Charles Schulz, the creator of Peanuts, once said, “Sometimes I lie awake at night, and I ask, ‘Where have I gone wrong?’ Then a voice says to me, ‘This is going to take more than one night.’”
Nighttime Sticky Brain
As we lie sleepless in the dark, our brains can turn to Velcro. They stick to all the what-ifs and the should-haves and the could haves, and the classic “what was I even thinking when…” (insert a random thread of guilt, annoyance, or embarrassment here). If you care for a young person with special needs, any setback in the day can trigger: What will happen when I’m gone…when she’s grown… if he never learns to…if we can’t afford to give her… On and on, a continuous drone of inner conversation.
Some nights, I give up and read a worthless novel by the low-light setting of my iPad screen. On better nights, I sit up in the dark and find a way to manage my anxiety.
No Neat Solutions
Manage is I word I like because so many problems don’t have neat solutions. At 3 a.m. you
can’t predict your child’s trajectory as a young adult, no matter what heroic action steps you
take in the morning. There is a certain freedom in reminding yourself how many outcomes
are out of your control or beyond your future job description as a parent.
People say, “A mother is only as happy as her most unhappy child.” I don’t buy it. I never want my two sons, who struggle with a pack of developmental, emotional, and medical problems, to be held responsible for my happiness. On the flip side of that emotion, I hear parents tell me how completely blessed they feel to spend their lives caring for a child with severe disabilities. No offense, but that doesn’t work in my life, either. I can’t always look on the bright side. I don’t always count my blessings. Some days just suck.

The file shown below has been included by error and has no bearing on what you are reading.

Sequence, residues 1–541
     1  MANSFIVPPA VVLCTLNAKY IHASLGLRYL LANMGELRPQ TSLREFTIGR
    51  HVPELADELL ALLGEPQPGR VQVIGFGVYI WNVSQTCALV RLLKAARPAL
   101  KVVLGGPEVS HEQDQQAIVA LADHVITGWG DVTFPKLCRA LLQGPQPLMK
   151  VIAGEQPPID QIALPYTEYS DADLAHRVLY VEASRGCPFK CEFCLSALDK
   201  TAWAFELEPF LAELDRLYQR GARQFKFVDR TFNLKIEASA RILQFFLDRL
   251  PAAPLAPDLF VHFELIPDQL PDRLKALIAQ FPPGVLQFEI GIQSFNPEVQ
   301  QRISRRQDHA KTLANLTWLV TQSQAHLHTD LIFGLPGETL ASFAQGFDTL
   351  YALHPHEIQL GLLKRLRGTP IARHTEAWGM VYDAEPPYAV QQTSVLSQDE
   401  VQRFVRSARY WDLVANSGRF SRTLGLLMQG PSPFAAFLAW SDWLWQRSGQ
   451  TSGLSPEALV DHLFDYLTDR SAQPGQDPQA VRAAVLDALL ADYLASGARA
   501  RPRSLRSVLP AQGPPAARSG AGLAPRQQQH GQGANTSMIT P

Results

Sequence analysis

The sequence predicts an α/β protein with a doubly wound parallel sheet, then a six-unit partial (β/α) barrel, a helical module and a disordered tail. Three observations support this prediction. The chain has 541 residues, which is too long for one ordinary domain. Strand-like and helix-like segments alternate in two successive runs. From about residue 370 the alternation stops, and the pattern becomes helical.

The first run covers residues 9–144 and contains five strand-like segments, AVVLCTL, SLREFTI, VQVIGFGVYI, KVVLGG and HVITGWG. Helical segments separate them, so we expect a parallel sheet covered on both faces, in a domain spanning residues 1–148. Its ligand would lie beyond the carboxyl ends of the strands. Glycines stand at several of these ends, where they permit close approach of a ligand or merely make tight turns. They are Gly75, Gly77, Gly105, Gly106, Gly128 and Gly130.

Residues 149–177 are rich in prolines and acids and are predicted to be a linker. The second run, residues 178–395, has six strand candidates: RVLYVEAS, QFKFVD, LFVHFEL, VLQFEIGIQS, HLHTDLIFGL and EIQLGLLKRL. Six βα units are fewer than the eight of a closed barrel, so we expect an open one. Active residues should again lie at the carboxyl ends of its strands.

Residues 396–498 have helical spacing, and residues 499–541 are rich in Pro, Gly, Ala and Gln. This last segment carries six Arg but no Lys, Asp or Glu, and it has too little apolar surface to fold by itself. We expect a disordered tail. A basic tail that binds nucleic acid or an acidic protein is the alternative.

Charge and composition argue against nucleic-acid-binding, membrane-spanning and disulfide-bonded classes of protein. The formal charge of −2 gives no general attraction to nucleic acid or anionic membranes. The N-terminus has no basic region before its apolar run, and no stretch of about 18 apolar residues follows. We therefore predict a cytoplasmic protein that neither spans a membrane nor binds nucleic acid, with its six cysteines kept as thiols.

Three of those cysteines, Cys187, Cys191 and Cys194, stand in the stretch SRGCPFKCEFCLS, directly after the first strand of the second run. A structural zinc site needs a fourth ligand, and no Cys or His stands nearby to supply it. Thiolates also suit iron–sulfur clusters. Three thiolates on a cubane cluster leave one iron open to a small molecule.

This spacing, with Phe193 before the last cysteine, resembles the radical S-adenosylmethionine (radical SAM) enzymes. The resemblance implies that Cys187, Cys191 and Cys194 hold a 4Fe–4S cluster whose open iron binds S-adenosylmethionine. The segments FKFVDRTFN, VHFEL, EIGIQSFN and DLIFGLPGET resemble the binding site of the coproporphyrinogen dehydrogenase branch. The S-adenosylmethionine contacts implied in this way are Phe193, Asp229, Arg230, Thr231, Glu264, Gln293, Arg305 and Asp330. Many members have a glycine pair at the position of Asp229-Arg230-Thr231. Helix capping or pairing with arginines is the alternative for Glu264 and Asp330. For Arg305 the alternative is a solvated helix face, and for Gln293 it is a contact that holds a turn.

The Opposite of Anxiety
Once I heard a teacher ask, “What is the opposite of anxiety?” People in the room
mentioned words such as peace, tranquility, and equanimity. The teacher shook her head.
The true opposite of anxiety, she insisted, is curiosity. When you are fully engaged with trying to do or learn about something, you don’t feel especially anxious. You have “project mind.” Your attention is focused on creating, taking action, or observing what will happen next. That’s the reason we shake a rattle or dangle some bright car keys in front of fussy babies. With luck, the sight or sound engages them completely for a moment, shifting their attention from the experience of feeling upset.
When a Problem Becomes a Project
We have “project mind” when we suddenly find ourselves looking at a problem with true
curiosity. What would change this situation right now? What knowledge do I need to change this situation? Who can help me? What information do I need to pull it all together? If things get worse, what types of resources, support, or friendly favors can I call in to save this project?
Oddly, when I think of the problem as a project, I’m far less judgmental about my child or myself. Project mind is neutral; it engages with solutions, not the could-haves and the should-haves.
What Gets You Up in the Morning?
The same teacher ended her lecture with a challenge to her students in the form of two
questions: What keeps you up at night? What gets you up in the morning? Those may be
the two most profound questions anyone needs to consider if they want to be effective and joyful in their lives. The trick, I believe, is to disengage from sticky bits of fear by engaging with the possibilities of hope. It may not always lead to solutions, but it might help some of us get back to sleep.